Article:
Cash flow has always been one of the main culprits limiting the growth of small to medium enterprises (SMEs) or worse, causing them to fail entirely. Sufficient cash flow and working capital are required by every business, large, medium or small, to fund their operations – whether that’s paying staff wages, buying supplies, or repay their loans and borrowings.
Australian SMEs were struggling with cash flow prior to the onset of COVID-19, with 52% of small business owners having difficulty paying themselves. Fortunately, the Government acted fast and implemented schemes to support the flow of credit across the economy. Nonetheless, as stimulus measures continue to phase out over the next few months, many SMEs may find themselves once again in a predicament.
There are many other ways businesses can access cash flow. Traditionally external capital is sourced via banks using secured assets to obtain funding. However, in the current environment, there are a wide range of options from non-bank lenders that may be more accessible than many SME owners realise. If you’ve already tapped out your traditional assets and tried accessing unsecured business loans, there are a few other ‘hidden’ assets you may be able to leverage. Let’s take a look.
Your plant or commercial property
Secured property lending is one of the best ways to access additional funds. If your SME currently owns a manufacturing plant, warehouse, storefront or other valuable commercial property, you can use it to secure an additional loan. You can use a property to access funds alongside other methods, such as a traditional bank loan, credit card or a business line of credit, offering another sustainable stream of cash flow for your growing SME.
Property is a great asset to leverage, given that lenders view it as a stable and safe source of security. Therefore, they will offer you far lower interest rates than other unsecured lending options. However, always keep in mind that there are risks. If you fail to make your payments the lender will have a claim on your property. Manage the risks in your business and ensure your critical assets are protected.
Your unpaid invoices
If your SME sells goods or services to another business on credit, you will need to issue an invoice and wait for payment. Often payments take 30 days or more, sometimes up to three full months. This is a long time to wait to receive payment, sometimes making it difficult to pay for necessary supplies and labour required to fulfil the order. Instead of being cash-strapped by unpaid invoices, debtor finance (AKA invoice finance) allows your business to use them as security against a flexible line of credit.
Debtor finance providers will pay you up to 90% of your verified outstanding invoice value upfront. When your customer pays and the funds are received by your debtor finance provider, they’ll remit the remaining 10% minus a small fee to compensate for early funding. Your business can use this cash instantly to pay your bills, secure new suppliers or invest in growth opportunities.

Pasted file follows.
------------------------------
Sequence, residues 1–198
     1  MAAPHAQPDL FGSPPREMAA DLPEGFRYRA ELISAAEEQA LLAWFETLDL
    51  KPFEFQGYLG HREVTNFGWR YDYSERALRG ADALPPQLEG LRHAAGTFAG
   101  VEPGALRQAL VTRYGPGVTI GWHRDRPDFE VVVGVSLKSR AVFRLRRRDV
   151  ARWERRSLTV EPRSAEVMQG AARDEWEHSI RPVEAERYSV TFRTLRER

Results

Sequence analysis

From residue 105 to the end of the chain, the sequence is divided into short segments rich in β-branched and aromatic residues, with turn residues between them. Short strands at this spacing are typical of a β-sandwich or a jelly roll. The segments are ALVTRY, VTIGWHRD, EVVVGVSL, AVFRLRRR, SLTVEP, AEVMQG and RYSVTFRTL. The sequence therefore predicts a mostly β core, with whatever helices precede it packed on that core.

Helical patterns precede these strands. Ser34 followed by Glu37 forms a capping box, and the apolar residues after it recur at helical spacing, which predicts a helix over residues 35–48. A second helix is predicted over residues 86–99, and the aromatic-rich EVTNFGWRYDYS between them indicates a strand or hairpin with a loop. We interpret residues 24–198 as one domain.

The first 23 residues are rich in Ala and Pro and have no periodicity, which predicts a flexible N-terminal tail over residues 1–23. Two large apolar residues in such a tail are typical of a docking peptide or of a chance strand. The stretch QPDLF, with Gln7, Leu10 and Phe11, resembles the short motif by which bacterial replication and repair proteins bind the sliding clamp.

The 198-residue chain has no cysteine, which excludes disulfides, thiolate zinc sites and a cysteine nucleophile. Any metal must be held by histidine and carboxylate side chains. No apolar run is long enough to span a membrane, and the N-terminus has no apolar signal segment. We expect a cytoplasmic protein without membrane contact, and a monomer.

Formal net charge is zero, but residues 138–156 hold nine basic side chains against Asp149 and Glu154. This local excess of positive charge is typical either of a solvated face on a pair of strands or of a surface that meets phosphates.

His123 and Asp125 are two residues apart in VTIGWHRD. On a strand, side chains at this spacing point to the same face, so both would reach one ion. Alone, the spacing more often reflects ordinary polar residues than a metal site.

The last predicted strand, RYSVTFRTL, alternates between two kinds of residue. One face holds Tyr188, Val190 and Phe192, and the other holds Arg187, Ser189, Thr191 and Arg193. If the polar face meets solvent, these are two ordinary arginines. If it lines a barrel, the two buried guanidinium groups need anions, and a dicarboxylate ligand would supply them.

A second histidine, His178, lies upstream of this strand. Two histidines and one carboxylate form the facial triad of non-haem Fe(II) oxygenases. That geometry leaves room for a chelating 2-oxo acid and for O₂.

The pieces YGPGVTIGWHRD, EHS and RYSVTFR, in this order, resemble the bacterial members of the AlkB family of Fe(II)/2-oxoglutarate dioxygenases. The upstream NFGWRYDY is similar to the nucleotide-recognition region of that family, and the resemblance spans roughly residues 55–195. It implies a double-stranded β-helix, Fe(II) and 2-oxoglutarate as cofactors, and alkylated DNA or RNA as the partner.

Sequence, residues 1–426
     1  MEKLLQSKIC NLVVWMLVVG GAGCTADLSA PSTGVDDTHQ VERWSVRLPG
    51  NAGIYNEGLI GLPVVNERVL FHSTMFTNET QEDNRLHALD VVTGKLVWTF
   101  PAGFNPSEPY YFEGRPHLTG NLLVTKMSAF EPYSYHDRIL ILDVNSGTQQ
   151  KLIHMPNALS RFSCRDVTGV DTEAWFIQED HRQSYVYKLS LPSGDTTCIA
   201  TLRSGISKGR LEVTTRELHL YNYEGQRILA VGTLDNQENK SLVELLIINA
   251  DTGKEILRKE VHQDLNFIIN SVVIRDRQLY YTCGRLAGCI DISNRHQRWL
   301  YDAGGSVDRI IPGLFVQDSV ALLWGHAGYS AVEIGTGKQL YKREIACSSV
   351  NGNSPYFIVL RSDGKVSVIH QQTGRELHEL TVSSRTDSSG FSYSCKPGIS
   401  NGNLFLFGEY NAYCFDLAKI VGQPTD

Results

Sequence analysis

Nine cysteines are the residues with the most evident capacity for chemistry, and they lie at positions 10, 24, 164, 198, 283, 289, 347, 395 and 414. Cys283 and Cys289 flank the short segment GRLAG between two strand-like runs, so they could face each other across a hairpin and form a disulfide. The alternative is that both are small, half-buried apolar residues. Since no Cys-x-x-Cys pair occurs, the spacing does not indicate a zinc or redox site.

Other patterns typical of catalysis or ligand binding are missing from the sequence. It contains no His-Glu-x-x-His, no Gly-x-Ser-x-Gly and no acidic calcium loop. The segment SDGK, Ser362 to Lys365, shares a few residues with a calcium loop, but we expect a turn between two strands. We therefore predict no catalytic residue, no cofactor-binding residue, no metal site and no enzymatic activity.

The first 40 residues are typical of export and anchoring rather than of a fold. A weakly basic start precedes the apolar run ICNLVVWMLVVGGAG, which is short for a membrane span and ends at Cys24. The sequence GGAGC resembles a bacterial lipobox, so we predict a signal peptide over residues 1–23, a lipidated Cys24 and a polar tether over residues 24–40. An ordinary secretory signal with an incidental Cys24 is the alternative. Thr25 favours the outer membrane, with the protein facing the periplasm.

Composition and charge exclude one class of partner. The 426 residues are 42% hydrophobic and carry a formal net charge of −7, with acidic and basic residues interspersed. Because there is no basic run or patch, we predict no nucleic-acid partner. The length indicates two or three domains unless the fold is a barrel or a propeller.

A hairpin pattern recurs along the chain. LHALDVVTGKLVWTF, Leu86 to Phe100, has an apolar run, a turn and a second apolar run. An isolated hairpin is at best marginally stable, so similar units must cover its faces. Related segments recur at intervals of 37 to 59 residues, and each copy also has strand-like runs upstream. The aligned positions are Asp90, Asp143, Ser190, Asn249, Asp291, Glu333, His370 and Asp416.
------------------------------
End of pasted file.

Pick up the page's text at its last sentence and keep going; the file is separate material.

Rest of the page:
“Debtor finance is an underrated and underutilised financing option in Australia, although it is growing increasingly popular.”
An invoice finance facility acts as a revolving credit line backed by the invoices you issue to your customers. You can choose to draw down funds as often or as little as you like, only paying for what you use. Instead of waiting up to 90 days for a customer to pay you your invoice, your business can access the cash almost immediately.
Debtor finance is an underrated and underutilised financing option in Australia, although it is growing increasingly popular every year. It’s an excellent solution if your SME is suffering from late-paying customers or simply needs an additional source of funding.
Your business equipment
Equipment finance is a financing solution that allows your business to purchase and make use of a commercial asset immediately while paying it off over time. It’s an excellent option for companies looking to invest in new productive assets without outlying the total cost upfront.
While equipment finance it’s often used to purchase new equipment, it’s also a useful tool to raise funds from equipment and assets you already own. Certain types of equipment are better security than others. For example, ‘hard’ physical assets such as commercial vehicles, manufacturing machinery or farming tools, such as tractors, are excellent security to use against an additional loan. Harder to sell equipment, such as software and furniture, are not as useful when accessing more funds – so keep in mind which assets are best for you to leverage.
Another option is a sale and leaseback arrangement. Under this scenario, you sell your equipment or machinery to a financier for an upfront payment, paying them an ongoing monthly lease payment. This provides your SME with working capital immediately, while spreading the cash outflow over the remainder of the agreement.
Whatever your situation, it’s a great idea to speak to a knowledgeable business finance broker who can help you identify opportunities to access additional capital from your existing assets. Capital Plus Finance is an experienced business finance broker that has your best interests at heart. The team at Capital Plus Finance will do everything we can to help you secure a suitable finance solution for your small business. Please give us a call anytime to find out more or to have an obligation-free chat about your business’s funding situation.